Before I do, however, I should say that Morningside has been the source of some confusion for me. Mainly because when I saw Fazerdaze live and up close earlier this year, the set was played by a four-piece band. Yet, from all accounts amid the hype and hoopla surrounding the album’s release, and there’s been a lot of that, I keep reading that the album, with the exception of the odd bit of help here and there, was written, recorded, and produced in its entirety by Amelia Murray.
Which is quite something else altogether, and it really does mark Murray’s card as an exceptional talent. The whole thing is immaculately produced, pristine pop music, from start to finish. And yes, hindsight is wonderful, I now fully appreciate that it’s impossible for Murray to front these tunes in a live environment without a little helping hand. But for all intents, Fazerdaze is Murray’s project.
When an album is still in its post-release infancy – which Morningside surely is – there are a couple of key pointers which can help establish whether or not the work is going to stand the test of time.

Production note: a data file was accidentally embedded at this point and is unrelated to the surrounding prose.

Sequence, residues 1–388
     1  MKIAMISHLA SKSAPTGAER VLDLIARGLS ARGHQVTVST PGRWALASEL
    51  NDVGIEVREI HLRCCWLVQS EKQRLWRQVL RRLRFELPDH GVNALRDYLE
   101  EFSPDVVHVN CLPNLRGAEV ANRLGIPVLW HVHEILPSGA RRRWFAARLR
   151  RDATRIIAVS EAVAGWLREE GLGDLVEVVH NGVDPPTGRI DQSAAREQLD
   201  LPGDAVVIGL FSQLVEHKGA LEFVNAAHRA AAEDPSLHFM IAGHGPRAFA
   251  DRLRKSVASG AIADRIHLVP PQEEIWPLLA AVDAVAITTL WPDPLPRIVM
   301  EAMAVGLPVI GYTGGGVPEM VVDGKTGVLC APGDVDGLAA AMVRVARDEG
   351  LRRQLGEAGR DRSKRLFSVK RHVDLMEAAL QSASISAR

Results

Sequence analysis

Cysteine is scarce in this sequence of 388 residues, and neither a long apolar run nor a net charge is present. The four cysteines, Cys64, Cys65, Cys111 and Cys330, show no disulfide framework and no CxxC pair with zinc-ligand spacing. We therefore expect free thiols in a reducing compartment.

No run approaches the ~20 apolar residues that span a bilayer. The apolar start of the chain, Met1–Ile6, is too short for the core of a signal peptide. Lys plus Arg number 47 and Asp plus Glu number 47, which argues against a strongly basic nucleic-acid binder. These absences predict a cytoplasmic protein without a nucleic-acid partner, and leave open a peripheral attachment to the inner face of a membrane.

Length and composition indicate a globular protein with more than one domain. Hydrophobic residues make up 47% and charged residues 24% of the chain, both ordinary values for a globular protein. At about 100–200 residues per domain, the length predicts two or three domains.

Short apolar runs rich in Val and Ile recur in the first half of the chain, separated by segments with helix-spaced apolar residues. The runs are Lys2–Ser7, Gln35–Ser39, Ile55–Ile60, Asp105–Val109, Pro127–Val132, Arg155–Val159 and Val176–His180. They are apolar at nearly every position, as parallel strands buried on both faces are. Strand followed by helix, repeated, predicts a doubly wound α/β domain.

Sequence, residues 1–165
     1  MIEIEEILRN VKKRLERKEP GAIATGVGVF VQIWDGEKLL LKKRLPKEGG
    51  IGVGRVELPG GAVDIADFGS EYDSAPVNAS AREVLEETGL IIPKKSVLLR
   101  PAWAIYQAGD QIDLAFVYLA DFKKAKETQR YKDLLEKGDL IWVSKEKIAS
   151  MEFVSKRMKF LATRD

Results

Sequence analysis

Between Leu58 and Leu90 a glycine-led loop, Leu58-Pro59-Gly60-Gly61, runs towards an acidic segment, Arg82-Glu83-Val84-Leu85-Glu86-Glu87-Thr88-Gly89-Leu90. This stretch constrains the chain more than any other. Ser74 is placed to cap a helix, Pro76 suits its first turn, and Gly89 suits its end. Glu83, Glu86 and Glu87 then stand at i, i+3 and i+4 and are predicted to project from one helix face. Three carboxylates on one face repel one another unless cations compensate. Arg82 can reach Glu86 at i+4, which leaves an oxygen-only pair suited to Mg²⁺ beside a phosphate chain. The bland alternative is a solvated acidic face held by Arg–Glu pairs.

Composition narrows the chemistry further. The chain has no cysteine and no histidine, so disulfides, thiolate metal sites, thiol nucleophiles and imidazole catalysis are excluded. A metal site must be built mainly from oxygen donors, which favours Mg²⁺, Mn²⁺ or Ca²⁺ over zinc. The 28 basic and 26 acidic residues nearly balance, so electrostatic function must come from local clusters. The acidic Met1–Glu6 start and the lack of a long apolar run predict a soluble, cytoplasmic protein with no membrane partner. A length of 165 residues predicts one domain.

The first is when you realise that the advance single releases – in this case ‘Little Uneasy’ and ‘Lucky Girl’ – aren’t actually any better than the rest of the material on offer. It means the quality control filter was set high enough, and it makes for a nice even no-skip listening experience.
The second key indicator is when it sounds better and better with each and every subsequent listen. Where you pick up little things, sounds that weren’t obvious before, when you hear something new every time you play it, and the album is able to bed into the subconscious with little or no effort at all.
Morningside ticks both of these boxes.
So what does it actually sound like?
Without wanting to single out specific tracks (see above), it might just about be the most highly polished thing ever released on Flying Nun. To date, at least. The attention to detail is next level, with ten tight crisp melodic power pop earworms all vying for the honour of being labelled the best thing on the album. Most of it is at the dreamy hazy shoegaze(y) end of the indie pop spectrum, but there’s also some darker fuzzy DIY moments to keep it sufficiently earthy.
But don’t take my word for it, or that of Iggy, just grab a copy and judge for yourself.
Check the clip below - 'Little Uneasy' ...